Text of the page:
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Thursday August 2nd, 2002

Agressive Inline

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Before I get into any detail, I should probably mention I spent a few hours with the Playstation 2 version of Akklaims Aggressive Inline. It was an enjoyable experience and offered 'Extreme' gameplay of some of today's hottest Extreme sports, very similar to Activisions Tony Hawk Pro Skater series indeed. Comparing what I have played of both version I have come to a small conclusion; the GameCube version is far superior to it's sister version for the PS2. The controlling is more polished (even though by a small amount it still is much better). Using a Analog is much, much better than that dinky D-Pad on the PS2 controller. The graphics seem to be a little fresher (nothing too noticeable), and loading times are fast (except when saving, which take more than 15 solid seconds). With that out of the way I'll try to get into details on the good and bad of the latest extreme sport game for the Nintendo GameCube.

I'm not sure where it's best to begin with; I imagine it's smarter to get the bad out of the way so I should probably mention that the controls for Aggressive Inline are anything but great. You can adjust to them easily, but I prefer those that are used in THPS. The "L" and "R" button are used to spin left or right, but what makes them different from the THPS "L" and "R" turning system is: you can't just press "R", or "L" and combo with a grab easily. You first must press either "L" or "R" and then quickly, but not at the same time press the "B" button while pushing in a direction with the analog stick to pull off different tricks. That is how you would do it if you want to spin while doing a trick of course, but you can pull off tricks while not spinning, or just spin without doing tricks. Your final point score will be lower, but it's a lot easier. I may be been a little bit too harsh, but the controls seem a little "tough" to master (and at first almost unbearable) - but since I haven't come close to mastering them I can't give a very accurate perception at the moment, although, I have adjusted well and like them more than I thought possible. In my final review, though I'll be able to talk more about the controls. Something cool about the controls, though, is some of the fakie's and "trick linking" you can do. For example, you can do tricks land backwards, manual, then grab onto a pole by holding "X" and then spin around it and swing off. These types of tricks make up for the bad controlling and "un-extreme" visuals. The visuals are bearly better than those of Tony Hawk 2 on Dreamcast. They are close to THPS3's though, but not quite as good.

The gameplay of Aggressive Inline, though is what hooked me and made me play for the last 3 to 4 hours straight. Very similar to the famous Tony Hawk Pro Skater series, players "rollerblade" (instead of skateboard) around different levels, completing missions, tasks, and pulling of sick combo's while trying to improve their stats (attributes). Instead of the tasks you need to complete appearing at the start of the levels, as in THPS, you must find different people wandering around the level you are in and talk to them by pressing the "X" button. Once you do this they'll ask you do some kind of mission, or task - ranging from pulling of Rocket Air's while transferring from a quarter pipe into a Half Pipe to getting 50,000 points in a certain amount of time. You don't have to worry about a time limit on levels (if you plan to free skate) either; instead of an amount of time to explore and grind the level to death, there is a "special meter" up in the right-hand corner of the screen. As long as players keep this meter full by doing tricks and missions you'll be able to skate as long as you like. And with more than 10 different tracks of music, all ranging from Hard Rock to Punk Rock, players will be in Inline Skating bliss. I played in Surround Sound and I know that I enjoyed listeninn to the likes of P.O.D. while busting out a massive 20-foot stale-fish. I also should add there seems to be 8 levels (including the tutorial level which you start in, which teaches you the basics of the game). I have played about 3 to 4 hours into the game and have only been able to complete one level 100%; that being the tutorial level. I've seen two other levels, though: a Hollywood-like level, filled with graves, traffic (which you can grab onto and ride), and much more for you to explore, and a Civic Center level which is filled with people, traffic, trolley's cables to ride, and a massive suburban world being buried with falling snow flakes.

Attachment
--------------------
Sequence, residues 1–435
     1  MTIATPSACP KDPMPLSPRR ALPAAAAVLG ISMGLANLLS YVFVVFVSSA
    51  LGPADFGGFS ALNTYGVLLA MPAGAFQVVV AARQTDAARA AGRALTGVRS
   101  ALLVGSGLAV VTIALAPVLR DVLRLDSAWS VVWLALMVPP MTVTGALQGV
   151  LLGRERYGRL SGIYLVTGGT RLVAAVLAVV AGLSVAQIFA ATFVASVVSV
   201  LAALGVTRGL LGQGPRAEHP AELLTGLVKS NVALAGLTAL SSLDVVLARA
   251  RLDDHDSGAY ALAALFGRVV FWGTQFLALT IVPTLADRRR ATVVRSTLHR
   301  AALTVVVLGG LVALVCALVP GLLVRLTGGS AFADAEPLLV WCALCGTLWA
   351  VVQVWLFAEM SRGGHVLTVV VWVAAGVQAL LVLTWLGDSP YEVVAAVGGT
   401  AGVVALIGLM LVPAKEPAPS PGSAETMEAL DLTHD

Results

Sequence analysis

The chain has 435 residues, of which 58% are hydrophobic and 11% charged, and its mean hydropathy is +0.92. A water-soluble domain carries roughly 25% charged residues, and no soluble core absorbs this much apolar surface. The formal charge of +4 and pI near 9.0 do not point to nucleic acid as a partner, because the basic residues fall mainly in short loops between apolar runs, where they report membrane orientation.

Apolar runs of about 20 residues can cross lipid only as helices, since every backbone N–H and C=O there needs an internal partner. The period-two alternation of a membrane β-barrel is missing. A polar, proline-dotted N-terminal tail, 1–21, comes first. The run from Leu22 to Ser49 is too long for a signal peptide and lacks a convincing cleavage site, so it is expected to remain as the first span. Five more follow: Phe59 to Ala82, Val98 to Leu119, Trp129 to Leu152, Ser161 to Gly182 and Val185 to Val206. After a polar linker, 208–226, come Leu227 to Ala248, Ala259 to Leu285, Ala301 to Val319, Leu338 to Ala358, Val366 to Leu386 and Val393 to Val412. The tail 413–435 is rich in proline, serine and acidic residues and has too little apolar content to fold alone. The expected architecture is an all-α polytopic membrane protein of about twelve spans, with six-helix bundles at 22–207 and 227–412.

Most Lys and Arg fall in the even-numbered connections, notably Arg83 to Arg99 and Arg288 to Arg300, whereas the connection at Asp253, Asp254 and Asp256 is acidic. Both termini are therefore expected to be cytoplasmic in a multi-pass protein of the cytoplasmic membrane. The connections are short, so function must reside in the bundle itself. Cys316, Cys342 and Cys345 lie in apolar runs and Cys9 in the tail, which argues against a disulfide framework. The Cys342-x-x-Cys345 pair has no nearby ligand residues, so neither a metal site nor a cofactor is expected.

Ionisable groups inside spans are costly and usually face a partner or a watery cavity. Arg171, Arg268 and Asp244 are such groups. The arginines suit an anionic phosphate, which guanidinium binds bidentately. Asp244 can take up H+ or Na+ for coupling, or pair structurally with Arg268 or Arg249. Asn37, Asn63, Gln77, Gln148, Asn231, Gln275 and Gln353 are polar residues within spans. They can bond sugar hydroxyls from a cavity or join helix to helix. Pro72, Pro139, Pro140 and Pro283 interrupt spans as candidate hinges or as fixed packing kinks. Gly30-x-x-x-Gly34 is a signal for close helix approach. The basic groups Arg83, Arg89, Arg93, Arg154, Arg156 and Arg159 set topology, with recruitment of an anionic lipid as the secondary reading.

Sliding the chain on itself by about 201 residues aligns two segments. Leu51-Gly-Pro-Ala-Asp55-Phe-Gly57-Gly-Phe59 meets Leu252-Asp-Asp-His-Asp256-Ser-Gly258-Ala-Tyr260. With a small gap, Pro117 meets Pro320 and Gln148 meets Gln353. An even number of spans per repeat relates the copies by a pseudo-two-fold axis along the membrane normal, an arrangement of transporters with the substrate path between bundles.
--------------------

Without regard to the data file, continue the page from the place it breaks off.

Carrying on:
Since each level seems to take at least (and maybe more in some cases) an hour to complete 100%, not to mention the hidden features that are secretly awaiting players to find them the game should take at least 20 hours to complete. From the difficulty and my experience with the tile so far, I estimate 35 hours worth of gameplay being spent on it to complete it fully in my case. But since it has some strong replay value you'll probably be back for more skating at least everyday for a month. More for some - who knows!

So, if what is described above sounds entertaining to the least then Aggressive Inline should be a great game to hold you over until Mario arrives August 26. The game is overall entertaining and is becoming one of my favorite extreme sports games to date. It's even good enough to rival the Tony Hawk Pro Skater series. If you're afraid to spend your money on this then at least rent it. The folks at Akklaim have come up with a fun, addicting, and extreme game that's worth a rent to everyone.

--Phillip Levin


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